If you use rough face scrubs to slough off dead skin cells, you may want to stop. Not only is your cleanser possibly harming marine life, but it could be seriously damaging your skin. But that’s not to say that you should skip exfoliation — it’s a critical part of your skin care routine.
“Exfoliation is the best therapeutic skin care treatment that you can do at home to get healthier, more radiant and younger-looking skin (along with SPF),” says Dr. Neal Schultz, New York City dermatologist, host of DermTV and creator of BeautyRx by Dr. Schultz. “It makes other skin care products apply and penetrate better into skin. It helps remove unwanted brown discolorations and evens skin tone. It helps treat and prevent ingrown hairs. It helps self-tanner apply smoother. It helps lessen the need for makeup (when your skin is glowing, you don’t need to mask it with foundation) and causes makeup to go on with an airbrush finish. It reduces the oil content (the root cause of acne) in your skin and helps prevent breakouts (even hormonal/menstrual) and makes existing breakouts heal faster. It also reduces the appearance of enlarged pores.” Convinced yet?
One note of caution: it’s key to correctly exfoliate or else you risk your skin becoming irritated and/or inflamed. Every dermatologist we’ve spoken to agreed that chemical exfoliation with acids like glycolic, lactic or salicylic, is the way to go. You’ll see results immediately and these acids come in the form of cleansers, masks, moisturizers, serums or pads.
“Chemical exfoliants essentially dissolve the glue holding the unwanted dead skin cells on and are suitable for all skin types, even for sensitive skin, while physical exfoliants (which mechanically remove dead skin cells by abrading them off) should never be used on sensitive skin,” says Schultz, who goes on to explain that chemical exfoliation gives better, consistent and predictable results. Why? “The outcome of physical exfoliation depends on three variables, which are never the same: how much pressure or how hard you rub; how long you treat any given area; the lack of constancy of the physical exfoliating medium (e.g., granules or loofah).”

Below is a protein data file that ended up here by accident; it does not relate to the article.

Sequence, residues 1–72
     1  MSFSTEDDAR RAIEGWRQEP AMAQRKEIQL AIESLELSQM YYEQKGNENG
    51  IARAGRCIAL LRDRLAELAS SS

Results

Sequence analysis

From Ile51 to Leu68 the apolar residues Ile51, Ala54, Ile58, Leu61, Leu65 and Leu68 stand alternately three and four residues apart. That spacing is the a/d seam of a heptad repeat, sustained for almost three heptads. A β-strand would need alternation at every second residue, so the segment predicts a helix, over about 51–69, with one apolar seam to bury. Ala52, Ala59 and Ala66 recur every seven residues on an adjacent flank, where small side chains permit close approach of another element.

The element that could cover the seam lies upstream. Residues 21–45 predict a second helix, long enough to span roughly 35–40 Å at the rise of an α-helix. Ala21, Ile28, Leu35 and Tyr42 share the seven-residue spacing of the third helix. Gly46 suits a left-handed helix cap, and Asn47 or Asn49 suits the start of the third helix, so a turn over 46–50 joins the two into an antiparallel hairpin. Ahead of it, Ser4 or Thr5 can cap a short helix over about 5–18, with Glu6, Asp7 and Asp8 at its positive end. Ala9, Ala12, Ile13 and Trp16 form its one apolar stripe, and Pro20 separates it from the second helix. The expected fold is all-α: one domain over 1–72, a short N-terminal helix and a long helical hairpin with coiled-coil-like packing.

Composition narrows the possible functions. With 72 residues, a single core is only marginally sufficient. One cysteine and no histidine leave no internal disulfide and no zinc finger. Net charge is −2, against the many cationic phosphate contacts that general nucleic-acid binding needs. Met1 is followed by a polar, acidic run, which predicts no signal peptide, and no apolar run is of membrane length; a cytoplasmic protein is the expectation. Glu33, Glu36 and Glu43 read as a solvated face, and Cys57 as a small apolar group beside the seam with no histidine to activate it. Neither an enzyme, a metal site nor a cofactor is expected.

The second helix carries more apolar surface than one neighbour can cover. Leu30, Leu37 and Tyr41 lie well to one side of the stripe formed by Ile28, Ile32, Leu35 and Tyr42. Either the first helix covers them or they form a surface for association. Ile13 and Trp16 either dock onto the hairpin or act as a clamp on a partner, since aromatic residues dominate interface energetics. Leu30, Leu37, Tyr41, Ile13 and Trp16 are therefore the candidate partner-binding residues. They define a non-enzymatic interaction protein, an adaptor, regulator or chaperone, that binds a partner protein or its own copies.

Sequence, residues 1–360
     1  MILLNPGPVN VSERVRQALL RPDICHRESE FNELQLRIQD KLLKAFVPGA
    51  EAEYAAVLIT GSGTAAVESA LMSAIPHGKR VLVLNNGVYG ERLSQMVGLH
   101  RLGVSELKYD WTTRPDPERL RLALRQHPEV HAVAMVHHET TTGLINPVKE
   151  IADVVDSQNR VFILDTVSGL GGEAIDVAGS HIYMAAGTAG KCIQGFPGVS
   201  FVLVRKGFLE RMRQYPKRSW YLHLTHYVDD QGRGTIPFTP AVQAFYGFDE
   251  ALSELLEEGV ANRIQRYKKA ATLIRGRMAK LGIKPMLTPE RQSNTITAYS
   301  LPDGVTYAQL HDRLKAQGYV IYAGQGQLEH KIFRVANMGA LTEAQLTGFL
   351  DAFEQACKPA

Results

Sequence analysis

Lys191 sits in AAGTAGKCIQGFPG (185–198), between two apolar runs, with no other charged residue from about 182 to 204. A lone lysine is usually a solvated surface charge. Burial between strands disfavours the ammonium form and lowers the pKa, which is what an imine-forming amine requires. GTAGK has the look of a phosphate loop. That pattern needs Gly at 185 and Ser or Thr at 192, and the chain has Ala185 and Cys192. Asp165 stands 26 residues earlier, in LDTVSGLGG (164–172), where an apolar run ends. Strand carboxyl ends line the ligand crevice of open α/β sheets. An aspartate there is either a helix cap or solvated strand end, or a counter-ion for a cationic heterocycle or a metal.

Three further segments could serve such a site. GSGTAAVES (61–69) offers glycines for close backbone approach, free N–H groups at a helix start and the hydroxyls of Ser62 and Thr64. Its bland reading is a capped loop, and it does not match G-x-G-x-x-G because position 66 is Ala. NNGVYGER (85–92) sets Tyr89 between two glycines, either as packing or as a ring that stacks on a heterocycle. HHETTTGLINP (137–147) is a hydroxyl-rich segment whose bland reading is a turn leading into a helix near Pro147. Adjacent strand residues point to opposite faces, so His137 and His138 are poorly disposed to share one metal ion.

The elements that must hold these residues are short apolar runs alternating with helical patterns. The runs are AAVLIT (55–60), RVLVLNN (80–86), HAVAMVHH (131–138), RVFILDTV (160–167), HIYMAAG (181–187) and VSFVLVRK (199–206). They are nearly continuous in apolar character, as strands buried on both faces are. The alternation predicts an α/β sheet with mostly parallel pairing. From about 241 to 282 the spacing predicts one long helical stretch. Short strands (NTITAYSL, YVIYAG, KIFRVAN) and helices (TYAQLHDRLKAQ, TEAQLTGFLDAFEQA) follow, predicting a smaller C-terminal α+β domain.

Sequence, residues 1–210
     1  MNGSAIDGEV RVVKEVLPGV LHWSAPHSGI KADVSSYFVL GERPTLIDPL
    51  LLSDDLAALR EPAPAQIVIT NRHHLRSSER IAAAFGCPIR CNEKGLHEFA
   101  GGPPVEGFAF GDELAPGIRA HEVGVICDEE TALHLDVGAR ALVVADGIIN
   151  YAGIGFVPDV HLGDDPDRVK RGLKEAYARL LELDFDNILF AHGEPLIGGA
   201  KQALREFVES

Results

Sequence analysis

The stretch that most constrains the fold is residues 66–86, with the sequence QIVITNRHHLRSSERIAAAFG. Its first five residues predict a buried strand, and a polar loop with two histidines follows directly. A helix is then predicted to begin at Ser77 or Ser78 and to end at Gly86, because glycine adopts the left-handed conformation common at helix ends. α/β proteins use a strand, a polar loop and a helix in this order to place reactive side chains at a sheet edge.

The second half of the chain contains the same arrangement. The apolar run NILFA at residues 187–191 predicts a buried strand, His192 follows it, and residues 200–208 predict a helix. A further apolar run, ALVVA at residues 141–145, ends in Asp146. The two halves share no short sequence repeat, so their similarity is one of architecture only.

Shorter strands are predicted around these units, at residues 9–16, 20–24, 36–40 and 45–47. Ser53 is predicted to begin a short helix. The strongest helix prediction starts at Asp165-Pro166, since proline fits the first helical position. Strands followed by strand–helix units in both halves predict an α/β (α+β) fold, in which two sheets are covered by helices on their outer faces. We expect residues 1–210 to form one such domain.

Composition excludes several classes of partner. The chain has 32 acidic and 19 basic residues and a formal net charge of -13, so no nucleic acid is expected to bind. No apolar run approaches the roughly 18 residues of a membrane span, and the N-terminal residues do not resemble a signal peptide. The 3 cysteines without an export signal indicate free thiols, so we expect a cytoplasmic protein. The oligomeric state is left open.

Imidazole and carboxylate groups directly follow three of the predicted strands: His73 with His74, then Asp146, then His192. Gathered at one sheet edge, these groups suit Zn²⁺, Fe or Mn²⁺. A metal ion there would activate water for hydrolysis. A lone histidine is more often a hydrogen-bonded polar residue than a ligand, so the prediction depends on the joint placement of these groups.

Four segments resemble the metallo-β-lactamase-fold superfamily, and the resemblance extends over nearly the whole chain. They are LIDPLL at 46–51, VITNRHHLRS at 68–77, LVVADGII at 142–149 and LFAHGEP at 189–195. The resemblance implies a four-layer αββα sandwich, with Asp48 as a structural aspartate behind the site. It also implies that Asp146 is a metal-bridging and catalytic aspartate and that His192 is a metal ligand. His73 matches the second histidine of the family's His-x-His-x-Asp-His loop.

It’s also worth noting that, contrary to popular belief, you make the same number of new dead cells every season, so exfoliating is something that should be done year round. If you’re looking to exfoliate every day, go for a low concentration of acids or products that specifically state they are meant for everyday use.
Remember, not all acids have the same strength. There are two categories: AHAs (alpha hydroxy acids like glycolic and lactic acids) and BHAs (beta hydroxy acids like salicylic acid). Glycolic acid is the gold standard in chemical exfoliants with the others being weaker. With that in mind, BHAs are usually preferred for those with acne-prone and very sensitive skin or rosacea. They’re also a good place to start if you have no experience using chemical exfoliators. For the experienced user, however, AHAs are the way to go.
Click through for the best chemical exfoliants to try now.